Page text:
'Why Is Trump Silent?' U.S. Lawmakers Ask After Putin Says 'Jews' May Be Behind Election Meddling

U.S. Jewish group says Putin's statement is 'eerily reminiscent of the Protocols of the Elders of Zion'

Russian President Vladimir Putin attends an interview with NBC's journalist Megyn Kelly in Kaliningrad, Russia March 2, 2018. Picture taken March 2, 2018. Sputnik/Alexei Druzhinin/Kremlin via REUTERS ATTENTION EDITORS - THIS IMAGE WAS PROVIDED BY A THIRD PARTY.
MICHAEL KLIMENTYEV/AFP

WASHINGTON - Democratic legislators called on President Donald Trump to take a tougher stance towards Russia following remarks by Russian President Vladimir Putin, who suggested in an interview over the weekend that perhaps it was "Jews" who stood behind Russia's meddling in the 2016 U.S. election.

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Putin said in an interview with NBC News that perhaps the people responsible for Russia's interference in the election "are not even Russian. Maybe they're Ukrainians, Tatars, Jews, just with Russian citizenship. Even that needs to be checked. Maybe they have dual citizenship. Or a Green Card."

Putin tells NBC: 'Jews' may be behind election meddling

Senator Richard Blumenthal (D-CT) said in response to the interview: "Repulsive Putin remark deserves to be denounced, soundly and promptly, by world leaders. Why is Trump silent? Intolerance is intolerable."

Meanwhile, Rep. Don Beyer (D-VA) said that the remarks highlighted Trump's refusal to sign into law the tough sanctions that the U.S. Congress approved against Russia last year in retaliation to its election meddling.

FILE PHOTO: Senator Richard Blumenthal, a Democrat from Connecticut, listens at a Senate session
Bloomberg

"Putin suggests that Russian attacks on US elections may have been made by 'Jews, just with Russian citizenship.' This man is not our friend and the Trump administration needs to move on the sanctions Congress passed," Beyer said on Saturday.

The American Jewish Committee took a more cautious approach, stating that "Putin suggesting that Russian Federation minorities, be they Ukrainian, Tatar, or Jewish, were behind U.S. election meddling is eerily reminiscent of the Protocols of the Elders of Zion. He should clarify his comments at the earliest opportunity."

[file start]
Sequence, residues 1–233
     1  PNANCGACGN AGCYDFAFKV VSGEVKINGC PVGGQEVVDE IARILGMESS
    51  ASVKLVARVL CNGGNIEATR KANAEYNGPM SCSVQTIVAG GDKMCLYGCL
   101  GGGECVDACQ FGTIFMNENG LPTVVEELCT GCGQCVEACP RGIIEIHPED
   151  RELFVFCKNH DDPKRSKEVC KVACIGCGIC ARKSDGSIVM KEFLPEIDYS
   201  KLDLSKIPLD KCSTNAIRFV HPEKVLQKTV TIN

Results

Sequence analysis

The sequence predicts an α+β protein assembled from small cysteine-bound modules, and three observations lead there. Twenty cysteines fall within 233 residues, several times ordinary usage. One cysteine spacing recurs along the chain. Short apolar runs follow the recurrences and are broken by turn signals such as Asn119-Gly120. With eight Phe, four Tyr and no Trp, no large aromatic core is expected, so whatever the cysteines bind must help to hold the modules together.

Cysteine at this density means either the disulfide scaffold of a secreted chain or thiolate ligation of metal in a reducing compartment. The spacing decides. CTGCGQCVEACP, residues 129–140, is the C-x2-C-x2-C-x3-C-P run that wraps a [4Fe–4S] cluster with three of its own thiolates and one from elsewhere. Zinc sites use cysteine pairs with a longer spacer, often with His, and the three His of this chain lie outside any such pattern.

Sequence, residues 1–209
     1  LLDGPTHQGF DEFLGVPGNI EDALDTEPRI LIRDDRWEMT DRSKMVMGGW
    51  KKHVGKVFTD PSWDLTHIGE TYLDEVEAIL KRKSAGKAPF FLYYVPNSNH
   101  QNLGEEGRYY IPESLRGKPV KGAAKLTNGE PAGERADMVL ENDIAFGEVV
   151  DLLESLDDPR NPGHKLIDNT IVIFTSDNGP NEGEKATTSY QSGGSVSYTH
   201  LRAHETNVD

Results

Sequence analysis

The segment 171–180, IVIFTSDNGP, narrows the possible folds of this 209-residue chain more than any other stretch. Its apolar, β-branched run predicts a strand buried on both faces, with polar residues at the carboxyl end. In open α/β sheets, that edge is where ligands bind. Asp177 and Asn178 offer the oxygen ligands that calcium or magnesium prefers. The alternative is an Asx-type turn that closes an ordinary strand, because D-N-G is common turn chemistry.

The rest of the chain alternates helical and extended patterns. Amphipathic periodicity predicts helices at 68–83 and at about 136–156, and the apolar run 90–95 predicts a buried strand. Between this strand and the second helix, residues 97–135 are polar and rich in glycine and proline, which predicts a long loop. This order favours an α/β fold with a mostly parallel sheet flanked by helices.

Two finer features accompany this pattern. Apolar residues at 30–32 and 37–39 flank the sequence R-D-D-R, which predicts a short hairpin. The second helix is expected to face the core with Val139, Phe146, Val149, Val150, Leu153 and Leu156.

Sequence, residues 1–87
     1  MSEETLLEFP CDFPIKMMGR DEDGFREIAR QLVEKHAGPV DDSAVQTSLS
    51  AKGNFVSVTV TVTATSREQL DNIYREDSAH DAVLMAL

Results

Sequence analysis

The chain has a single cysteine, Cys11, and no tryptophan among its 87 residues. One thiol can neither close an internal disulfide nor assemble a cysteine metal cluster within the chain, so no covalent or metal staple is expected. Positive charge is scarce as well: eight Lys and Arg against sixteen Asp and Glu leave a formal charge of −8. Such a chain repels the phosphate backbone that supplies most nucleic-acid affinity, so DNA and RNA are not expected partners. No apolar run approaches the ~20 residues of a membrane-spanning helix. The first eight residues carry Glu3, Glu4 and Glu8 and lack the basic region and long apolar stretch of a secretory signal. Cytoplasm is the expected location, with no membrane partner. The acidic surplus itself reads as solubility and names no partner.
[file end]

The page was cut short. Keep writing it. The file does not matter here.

Jonathan Greenblatt, CEO of the Anti-Defamation League, also criticized the Russian president for his controversial statement. "It is deeply disturbing to see the Russian president giving new life to classic anti-Semitic stereotypes that have plagued his country for hundreds of years, with a comment that sounds as if it was ripped from the pages of the 'Protocols of the Elders of Zion.'"

"We live in a moment when anti-Semitic violence is on the rise and words can have profound consequences, particularly when spoken by public figures or elected officials like President Putin," Greenblatt continued. "We hope he swiftly clarifies his words before they cause further damage to those communities he has singled out.

Concerned Americans

A poll that was released last week, prior to Putin's statement, showed that a majority of Americans are worried about future Russian aggression against the U.S. Most are also not convinced that Trump is doing enough to address the problem.

The poll was conducted by John McLaughlin, a veteran political pollster affiliated with the Republican party, who has advised Trump and Prime Minister Netanyahu in the past. According to its results, 52% of the respondents were "not convinced" that Trump was doing enough to protect the U.S. and its allies from Russia, and want him to do more on the subject. Only 34.5% believe Trump is doing enough on the subject.

The poll also showed that just over 60% of American are worried of more attacks by Russia against the United States and its allies, in light of Russia's conduct in recent years. 72% of the respondents said they believe Russia poses "a clear and present danger to the national security of the United States, our NATO allies in Europe, and our Mideast allies, such as Israel."

The poll was ordered by Joel Rosenberg, an author and Evangelical activist residing in Jerusalem, who recently published a new political thriller on U.S-Russia relations calls "The Kremlin Conspiracy." The poll showed that even among Evangelical Christians, who are usually very highly supportive of Trump, no less than 39% said they are not convinced Trump understands the threat posed by Russia, while only 46% said they were convinced that he does.